Since the s Keith Jarrett has defended free jazz from criticism. British writer Stuart Nicholson has argued European contemporary jazz has an identity different from American jazz and follows a different trajectory. Latin jazz is the term used to describe jazz which employs Latin American rhythms and is generally understood to have a more specific meaning than simply jazz from Latin America. A more precise term might be Afro-Latin jazz, as the jazz subgenre typically employs rhythms that either have a direct analog in Africa or exhibit an African rhythmic influence beyond what is ordinarily heard in other jazz.
The two main categories of Latin jazz are Afro-Cuban jazz and Brazilian jazz. In the s and s, many jazz musicians had only a basic understanding of Cuban and Brazilian music, and jazz compositions which used Cuban or Brazilian elements were often referred to as "Latin tunes", with no distinction between a Cuban son montuno and a Brazilian bossa nova. History and Analysis , a bossa nova bass line is referred to as a "Latin bass figure.
Typically, the band would only play an even-eighth "Latin" feel in the A section of the head and swing throughout all of the solos. Latin jazz specialists like Cal Tjader tended to be the exception. For example, on a live Tjader recording of "A Night in Tunisia", pianist Vince Guaraldi soloed through the entire form over an authentic mambo. For most of its history, Afro-Cuban jazz had been a matter of superimposing jazz phrasing over Cuban rhythms. But by the end of the s, a new generation of New York City musicians had emerged who were fluent in both salsa dance music and jazz, leading to a new level of integration of jazz and Cuban rhythms.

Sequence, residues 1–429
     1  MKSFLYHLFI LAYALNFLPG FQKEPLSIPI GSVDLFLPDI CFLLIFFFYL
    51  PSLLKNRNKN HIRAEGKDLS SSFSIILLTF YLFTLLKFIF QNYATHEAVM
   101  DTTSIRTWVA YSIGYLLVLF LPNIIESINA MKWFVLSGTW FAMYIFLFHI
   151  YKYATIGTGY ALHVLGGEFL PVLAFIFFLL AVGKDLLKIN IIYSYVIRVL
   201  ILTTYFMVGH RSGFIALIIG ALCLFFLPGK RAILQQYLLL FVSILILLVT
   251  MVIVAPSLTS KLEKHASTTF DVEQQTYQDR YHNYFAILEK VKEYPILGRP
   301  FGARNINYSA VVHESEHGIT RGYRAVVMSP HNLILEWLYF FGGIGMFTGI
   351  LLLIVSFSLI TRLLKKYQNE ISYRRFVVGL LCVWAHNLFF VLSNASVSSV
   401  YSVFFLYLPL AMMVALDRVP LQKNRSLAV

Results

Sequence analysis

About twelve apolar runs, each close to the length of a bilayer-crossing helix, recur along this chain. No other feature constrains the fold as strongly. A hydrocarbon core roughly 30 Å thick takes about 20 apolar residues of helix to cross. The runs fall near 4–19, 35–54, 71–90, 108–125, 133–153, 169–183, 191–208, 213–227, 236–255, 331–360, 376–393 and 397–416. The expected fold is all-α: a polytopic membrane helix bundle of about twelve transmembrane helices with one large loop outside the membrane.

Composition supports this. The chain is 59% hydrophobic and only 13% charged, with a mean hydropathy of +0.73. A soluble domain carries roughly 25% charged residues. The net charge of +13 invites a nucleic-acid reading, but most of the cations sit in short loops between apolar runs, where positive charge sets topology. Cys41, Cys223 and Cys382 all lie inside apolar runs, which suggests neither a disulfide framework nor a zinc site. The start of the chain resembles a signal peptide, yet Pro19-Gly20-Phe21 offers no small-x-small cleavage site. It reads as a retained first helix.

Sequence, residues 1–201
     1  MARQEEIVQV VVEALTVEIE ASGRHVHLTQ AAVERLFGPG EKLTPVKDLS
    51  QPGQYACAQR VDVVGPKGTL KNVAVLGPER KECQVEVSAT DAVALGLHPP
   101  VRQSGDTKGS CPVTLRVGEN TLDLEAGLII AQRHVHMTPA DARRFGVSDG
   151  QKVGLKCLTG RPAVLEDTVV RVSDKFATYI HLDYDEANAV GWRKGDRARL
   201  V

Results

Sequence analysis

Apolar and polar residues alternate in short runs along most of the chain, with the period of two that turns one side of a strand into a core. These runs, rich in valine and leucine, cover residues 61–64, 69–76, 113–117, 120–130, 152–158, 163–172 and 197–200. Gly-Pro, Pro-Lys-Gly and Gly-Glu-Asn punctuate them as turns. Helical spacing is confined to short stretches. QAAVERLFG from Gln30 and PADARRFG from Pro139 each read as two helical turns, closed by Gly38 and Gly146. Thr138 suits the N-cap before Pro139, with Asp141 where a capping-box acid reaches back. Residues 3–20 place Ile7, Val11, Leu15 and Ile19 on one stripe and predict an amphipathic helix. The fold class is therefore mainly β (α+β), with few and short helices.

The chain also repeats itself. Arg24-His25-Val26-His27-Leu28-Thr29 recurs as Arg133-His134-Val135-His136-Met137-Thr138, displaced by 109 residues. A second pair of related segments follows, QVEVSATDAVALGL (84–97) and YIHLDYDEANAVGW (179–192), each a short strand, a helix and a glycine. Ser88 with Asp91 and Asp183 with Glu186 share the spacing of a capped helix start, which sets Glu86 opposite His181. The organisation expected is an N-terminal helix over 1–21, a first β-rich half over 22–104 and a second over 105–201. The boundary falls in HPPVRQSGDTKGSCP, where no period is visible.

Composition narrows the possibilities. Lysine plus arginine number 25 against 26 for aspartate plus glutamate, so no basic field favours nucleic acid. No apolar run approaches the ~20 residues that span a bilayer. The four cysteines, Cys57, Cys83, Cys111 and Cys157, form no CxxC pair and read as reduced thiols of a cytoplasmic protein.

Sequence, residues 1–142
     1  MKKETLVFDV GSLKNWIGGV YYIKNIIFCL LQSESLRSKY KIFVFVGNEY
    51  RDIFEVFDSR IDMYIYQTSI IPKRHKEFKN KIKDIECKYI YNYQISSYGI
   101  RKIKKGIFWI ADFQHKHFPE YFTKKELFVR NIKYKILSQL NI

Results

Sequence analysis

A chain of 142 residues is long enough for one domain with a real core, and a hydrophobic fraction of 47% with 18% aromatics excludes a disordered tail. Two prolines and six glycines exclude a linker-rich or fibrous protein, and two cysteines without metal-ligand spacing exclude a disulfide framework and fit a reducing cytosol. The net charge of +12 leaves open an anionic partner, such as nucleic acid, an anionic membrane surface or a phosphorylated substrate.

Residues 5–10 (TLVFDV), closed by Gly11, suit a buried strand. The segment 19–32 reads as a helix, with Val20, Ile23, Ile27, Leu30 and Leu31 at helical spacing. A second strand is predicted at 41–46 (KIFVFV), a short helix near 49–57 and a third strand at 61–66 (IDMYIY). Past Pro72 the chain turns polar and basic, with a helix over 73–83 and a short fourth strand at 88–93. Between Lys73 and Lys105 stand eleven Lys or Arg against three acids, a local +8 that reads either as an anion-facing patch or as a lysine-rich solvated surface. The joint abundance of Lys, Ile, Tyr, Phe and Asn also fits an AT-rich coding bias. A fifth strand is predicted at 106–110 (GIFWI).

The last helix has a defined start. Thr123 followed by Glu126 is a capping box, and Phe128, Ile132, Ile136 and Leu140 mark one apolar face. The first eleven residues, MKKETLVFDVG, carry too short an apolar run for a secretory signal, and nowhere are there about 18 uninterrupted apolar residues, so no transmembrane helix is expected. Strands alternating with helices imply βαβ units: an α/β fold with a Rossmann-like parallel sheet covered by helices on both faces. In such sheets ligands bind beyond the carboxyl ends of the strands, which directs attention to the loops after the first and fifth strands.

This era of creativity and vitality is best represented by the Gonzalez brothers Jerry congas and trumpet and Andy bass. He incorporated parallel fourths, with McCoy Tyner-type vamps. This occurred in parallel with developments in Cuba  The first Cuban band of this new wave was Irakere. Brazilian jazz such as bossa nova is derived from samba , with influences from jazz and other 20th-century classical and popular music styles.
Bossa is generally moderately paced, with melodies sung in Portuguese or English, whilst the related term jazz-samba describes an adaptation of street samba into jazz. There was a resurgence of interest in jazz and other forms of African-American cultural expression during the Black Arts Movement and Black nationalist period of the s and s. African themes became popular, and many new jazz compositions were given African-related titles: Music From the New African Nations.
Some musicians, including Pharoah Sanders , Hubert Laws , and Wayne Shorter , began using African instruments such as kalimbas , bells, beaded gourds and other instruments which were not traditional to jazz. African rhythmic structures are accessed directly by Ron Carter bass and Tony Williams drums via the rhythmic sensibilities of swing. Throughout the piece, the four beats, whether sounded or not, are maintained as the temporal referent.
The following example shows the 12 8 and 4 4 forms of the bass line. The slashed noteheads indicate the main beats not bass notes , where one ordinarily taps their foot to "keep time. The use of pentatonic scales was another trend associated with Africa. The use of pentatonic scales in Africa probably goes back thousands of years.
McCoy Tyner perfected the use of the pentatonic scale in his solos,  and also used parallel fifths and fourths, which are common harmonies in West Africa. The minor pentatonic scale is often used in blues improvisation, and like a blues scale, a minor pentatonic scale can be played over all of the chords in a blues.